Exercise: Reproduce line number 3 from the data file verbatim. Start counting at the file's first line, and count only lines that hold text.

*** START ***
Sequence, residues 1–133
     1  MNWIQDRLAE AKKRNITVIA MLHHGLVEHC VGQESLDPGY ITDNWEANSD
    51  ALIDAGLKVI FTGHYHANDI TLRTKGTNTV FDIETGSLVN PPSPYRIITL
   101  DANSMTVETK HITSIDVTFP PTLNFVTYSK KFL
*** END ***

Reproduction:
    51  ALIDAGLKVI FTGHYHANDI TLRTKGTNTV FDIETGSLVN PPSPYRIITL